Why I Write Letters to the Newspaper
Peggy Brayfield


ince retiring from Eastern in 1997, I have pursued my dream of seeing the world. In 2004-05 I served in the Peace Corps in the Republic of South Africa; I have taught in English language immersion programs in China and Tanzania, and have visited Vietnam, Cambodia and Thailand. Last summer my granddaughter and I spent a week in Morocco.

I still live on Jackson Street across from Kiwanis park. I have done stints as a volunteer for CASA, Hospice, and Head Start. I regularly sing alto in local and regional Sacred Harp/Shape Note singings. I have a YouTube channel where I post video clips from these events, along with a few of local bluegrass, travel videos and the like. And of course, I write letters to the paper.

Twelve years ago, both my parents passed away. Among the personal effects they had preserved over the sixty-plus years of their marriage I found a large brown envelope containing newspaper articles, mostly dating from the 1950s and mostly clipped from the small town weekly paper my dad published. I knew what was in those articles without looking at them: they were my mother’s memoirs about our family (seven children), along with her observations and opinions about anything and everything in that small town community. Since none of my siblings wanted this "treasure," I took the envelope and stashed it away for several years without so much as a peek at the writings inside. I could recall my acute embarrassment at having these items published and read by almost everyone I knew when I was in high school and, like most adolescents, thought my parents were making fools of themselves.

A couple of years ago I overcame my inner adolescent and opened the envelope. What a surprise to discover that my mother’s writings could be at times so charming, and overall, so civic-minded and progressive. As to the personal memoir pieces with all their anecdotes about what cute things we kids had said and done, which Mother entitled "Life With Mel," my daughter enjoys them, characterizing them as "Grandmother’s Blog," and pronouncing them "before their time."

Maybe I write letters to the newspaper — and comment online to internet postings — because my genes and early environment predestined it. Like my mother, I always had opinions, liked to shape them into words, and rightly or wrongly, thought that they deserved to be heard. Over the years, I regularly sent off my opinions to newspapers, and often saw them published. Perhaps my children thought I was making a fool of myself, and perhaps that was true. The first few times I saw my signed opinion in print, I suspected as much myself. But I got over it, having decided the risk was worth taking.

During the election cycle of 2004, I was serving in the Peace Corps in the Republic of South Africa. The American war in Iraq was often in the news; I especially recall the shock I felt when the photos of Abu Ghraib appeared. Negative opinion of the role of the United States in the world was pervasive. Upon returning home in 2005, I was again shocked to learn that the issues of the 2004 election had been so-called "values" questions. Abortion. Gay marriage. School prayer. What a different list of issues had seemed important in that election, viewed from my vantage point in Africa!

Another shock came when I renewed my subscription to the local newspaper. Considering the problems of the nation and the world, how could the editorial page be filled with letters attacking the idea of evolution, expounding on the Bible, damning homosexuals, bashing Al Gore’s message on global warming, proclaiming God’s support for the Bush administration, and even slamming local businesses who dared to wish "Happy Holidays" or "Season’s Greetings" to their customers, instead of "Merry Christmas"?

Furthermore, there was a new feature - a column of snippets from the online blogs, consisting mostly of crude attacks and insults aimed at whoever and whatever their writers did not approve. Why this stuff was considered worthy of publication was beyond me! The tone seemed to grow more uncivil by the month, writers remaining anonymous under cover of "user names" to vent their anger and hostility without restraint, all showcased in our local newspaper.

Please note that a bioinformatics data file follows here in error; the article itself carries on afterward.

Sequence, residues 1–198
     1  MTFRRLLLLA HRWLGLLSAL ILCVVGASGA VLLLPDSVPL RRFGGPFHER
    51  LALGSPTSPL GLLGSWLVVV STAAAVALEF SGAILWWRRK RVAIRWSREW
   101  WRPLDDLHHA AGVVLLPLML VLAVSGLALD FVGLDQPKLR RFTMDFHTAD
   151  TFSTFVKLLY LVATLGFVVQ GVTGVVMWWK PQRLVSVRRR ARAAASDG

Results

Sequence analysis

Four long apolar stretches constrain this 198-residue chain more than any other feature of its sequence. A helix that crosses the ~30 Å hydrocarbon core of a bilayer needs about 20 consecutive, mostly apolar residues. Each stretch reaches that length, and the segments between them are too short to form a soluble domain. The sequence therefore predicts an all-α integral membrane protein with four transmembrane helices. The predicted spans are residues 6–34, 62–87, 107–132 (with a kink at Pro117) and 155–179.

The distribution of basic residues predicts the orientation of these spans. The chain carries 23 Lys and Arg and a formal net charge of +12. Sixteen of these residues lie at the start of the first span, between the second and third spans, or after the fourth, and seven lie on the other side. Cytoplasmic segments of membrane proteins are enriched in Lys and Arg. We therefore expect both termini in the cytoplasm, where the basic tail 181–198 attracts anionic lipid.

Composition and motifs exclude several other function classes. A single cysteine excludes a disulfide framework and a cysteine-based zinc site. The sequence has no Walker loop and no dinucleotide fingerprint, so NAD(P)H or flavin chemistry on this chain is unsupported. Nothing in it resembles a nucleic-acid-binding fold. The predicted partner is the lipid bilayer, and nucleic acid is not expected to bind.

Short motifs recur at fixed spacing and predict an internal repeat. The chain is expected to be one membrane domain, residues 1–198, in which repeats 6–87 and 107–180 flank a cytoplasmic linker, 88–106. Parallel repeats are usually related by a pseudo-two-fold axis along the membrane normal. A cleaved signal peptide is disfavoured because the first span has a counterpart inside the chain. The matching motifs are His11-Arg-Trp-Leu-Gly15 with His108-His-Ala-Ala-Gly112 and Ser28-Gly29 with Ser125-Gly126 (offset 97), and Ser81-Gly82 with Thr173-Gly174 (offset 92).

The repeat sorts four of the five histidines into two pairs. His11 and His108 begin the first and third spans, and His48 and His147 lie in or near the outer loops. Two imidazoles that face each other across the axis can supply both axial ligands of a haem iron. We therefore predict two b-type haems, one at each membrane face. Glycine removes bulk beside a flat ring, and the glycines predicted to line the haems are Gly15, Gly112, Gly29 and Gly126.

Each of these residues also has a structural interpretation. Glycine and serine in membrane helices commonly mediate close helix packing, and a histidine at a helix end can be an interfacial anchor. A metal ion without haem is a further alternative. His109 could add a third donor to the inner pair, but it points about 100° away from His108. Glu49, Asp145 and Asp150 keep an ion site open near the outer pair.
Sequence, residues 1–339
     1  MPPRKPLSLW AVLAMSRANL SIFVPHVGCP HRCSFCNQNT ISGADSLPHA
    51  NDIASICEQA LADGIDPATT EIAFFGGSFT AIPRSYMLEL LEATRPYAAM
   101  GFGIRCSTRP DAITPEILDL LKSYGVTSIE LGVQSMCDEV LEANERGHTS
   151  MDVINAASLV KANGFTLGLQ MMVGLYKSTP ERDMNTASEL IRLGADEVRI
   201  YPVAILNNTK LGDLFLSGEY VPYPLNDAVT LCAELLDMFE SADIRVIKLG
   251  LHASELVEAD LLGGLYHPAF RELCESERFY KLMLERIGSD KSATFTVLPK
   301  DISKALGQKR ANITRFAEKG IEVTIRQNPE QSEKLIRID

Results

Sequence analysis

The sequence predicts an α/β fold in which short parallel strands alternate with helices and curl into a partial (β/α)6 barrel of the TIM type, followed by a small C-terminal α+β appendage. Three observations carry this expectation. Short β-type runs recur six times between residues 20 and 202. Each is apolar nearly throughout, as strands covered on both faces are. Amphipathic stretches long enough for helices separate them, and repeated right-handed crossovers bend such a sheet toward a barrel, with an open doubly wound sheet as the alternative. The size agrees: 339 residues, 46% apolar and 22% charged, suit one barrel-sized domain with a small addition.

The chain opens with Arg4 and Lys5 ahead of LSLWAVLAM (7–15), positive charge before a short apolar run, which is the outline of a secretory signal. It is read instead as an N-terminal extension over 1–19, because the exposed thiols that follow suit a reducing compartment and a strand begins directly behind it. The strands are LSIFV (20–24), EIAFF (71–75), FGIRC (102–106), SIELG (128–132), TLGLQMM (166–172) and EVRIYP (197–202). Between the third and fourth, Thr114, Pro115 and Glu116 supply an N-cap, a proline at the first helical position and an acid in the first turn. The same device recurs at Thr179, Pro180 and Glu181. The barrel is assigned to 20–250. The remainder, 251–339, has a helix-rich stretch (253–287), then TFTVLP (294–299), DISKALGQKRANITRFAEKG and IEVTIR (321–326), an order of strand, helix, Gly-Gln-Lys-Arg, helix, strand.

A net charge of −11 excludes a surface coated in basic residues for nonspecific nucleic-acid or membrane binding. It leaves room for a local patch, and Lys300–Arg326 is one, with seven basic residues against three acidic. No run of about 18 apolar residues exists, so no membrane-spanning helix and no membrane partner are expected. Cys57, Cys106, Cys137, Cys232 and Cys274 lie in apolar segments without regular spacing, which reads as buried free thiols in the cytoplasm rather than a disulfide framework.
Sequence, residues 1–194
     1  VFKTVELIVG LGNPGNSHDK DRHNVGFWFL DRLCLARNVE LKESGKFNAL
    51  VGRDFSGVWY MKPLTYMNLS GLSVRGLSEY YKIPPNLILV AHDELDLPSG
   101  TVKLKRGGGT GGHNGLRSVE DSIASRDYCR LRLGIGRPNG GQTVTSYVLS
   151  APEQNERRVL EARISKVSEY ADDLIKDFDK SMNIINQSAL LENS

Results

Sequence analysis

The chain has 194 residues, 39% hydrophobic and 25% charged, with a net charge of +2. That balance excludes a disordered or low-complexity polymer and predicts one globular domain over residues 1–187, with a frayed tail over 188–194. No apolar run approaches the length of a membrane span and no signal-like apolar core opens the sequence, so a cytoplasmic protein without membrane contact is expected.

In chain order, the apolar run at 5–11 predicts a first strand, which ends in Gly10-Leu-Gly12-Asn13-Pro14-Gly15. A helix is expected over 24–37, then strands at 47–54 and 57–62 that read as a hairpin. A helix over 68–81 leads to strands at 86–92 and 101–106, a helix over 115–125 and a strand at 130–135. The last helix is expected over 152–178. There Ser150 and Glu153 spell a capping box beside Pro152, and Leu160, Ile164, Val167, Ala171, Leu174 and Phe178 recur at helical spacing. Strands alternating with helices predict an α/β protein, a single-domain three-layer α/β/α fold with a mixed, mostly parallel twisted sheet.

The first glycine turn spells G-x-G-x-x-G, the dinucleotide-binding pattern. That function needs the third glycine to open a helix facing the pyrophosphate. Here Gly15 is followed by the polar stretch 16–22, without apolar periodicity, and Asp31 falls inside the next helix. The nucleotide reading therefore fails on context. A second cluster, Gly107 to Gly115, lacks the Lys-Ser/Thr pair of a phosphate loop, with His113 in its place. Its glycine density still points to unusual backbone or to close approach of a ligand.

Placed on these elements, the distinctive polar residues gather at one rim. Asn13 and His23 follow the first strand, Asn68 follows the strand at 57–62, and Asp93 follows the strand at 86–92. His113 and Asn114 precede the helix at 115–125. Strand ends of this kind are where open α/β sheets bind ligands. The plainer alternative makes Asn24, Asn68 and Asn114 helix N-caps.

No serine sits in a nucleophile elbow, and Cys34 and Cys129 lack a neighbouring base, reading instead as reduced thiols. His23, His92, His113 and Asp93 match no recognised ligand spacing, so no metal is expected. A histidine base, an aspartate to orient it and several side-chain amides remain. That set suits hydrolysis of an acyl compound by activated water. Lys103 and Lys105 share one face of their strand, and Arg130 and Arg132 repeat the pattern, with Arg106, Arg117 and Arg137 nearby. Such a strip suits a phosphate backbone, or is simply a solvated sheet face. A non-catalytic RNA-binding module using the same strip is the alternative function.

In the years after retirement, I had retreated from the fray of the public forum somewhat, reasoning that if the younger generations cared about social problems and the world in general, they would have to make their case themselves. I had served my time. This changed during the 2008 election cycle, when I again felt the old urge to marshal words to try to influence events. I began again to send letters to the local paper. I even ventured onto internet sites where candidates and issues were being

The author explains to a friend why writing letters to the editor is a patriotic duty.
attacked and defended in rude, crude terms. I took on bloggers whose vocabulary mainly consisted of permutations of the f-word, which served them as noun, adjective, every other part of speech, prefix, suffix, and syllable to insert into longer words. I tried to engage whatever idea I could discern from their postings, and to address it politely and reasonably. It seemed that fairly often, my more civil tone inspired more civil answers, and drew in comments from others who wanted a more reasonable dialogue. Some even thanked me for my courtesy.

This has become my reason for sending letters to the newspapers. I told myself: "If you don’t like the ugly, cynical, unreasonable, or hostile tone of what you see on the opinions page, try to get something more constructive published there. If the blogsters attack your letter, don’t get baited into incivility yourself. 'A soft answer turneth away wrath.' Don’t let the angry and the cynical dominate and set the tone. Be the change you want to see."

So how's my hopey-changey thing workin' out? I don’t know. But it sure feels better than sitting silent on the sidelines, abandoning the public forum to incivility, anger, cynicism and unreason.

"In the beginning was the Word . . . And the Word was God . . . All things were made by him." I admit, quoting this is pretentious, but it is related to my theme. Whatever the mystical and religious interpretations may be, to me, this quotation means that the world we experience is created by language. If we can imagine something, and put it into words, perhaps we can make it come into being. Words have created the current social climate of anger, hostility, and cynicism. Why not imagine that words can be instrumental in changing it?

And that’s why I write letters to the newspaper.

* * *

April 21, 2009
To the Editor:
Re: Why paying taxes is my cup of tea.

The recent "Tea Parties" initiated through that bastion of unbiased journalism, Fox News, inspired some thoughts I’d like to share. Unlike the tax protesters attending these demonstrations, I believe that paying taxes is a patriotic duty, and that it is also our duty to inform ourselves as to what our taxes are paying for, and to require a fair tax system, as well as good stewardship of our tax money by our public officials.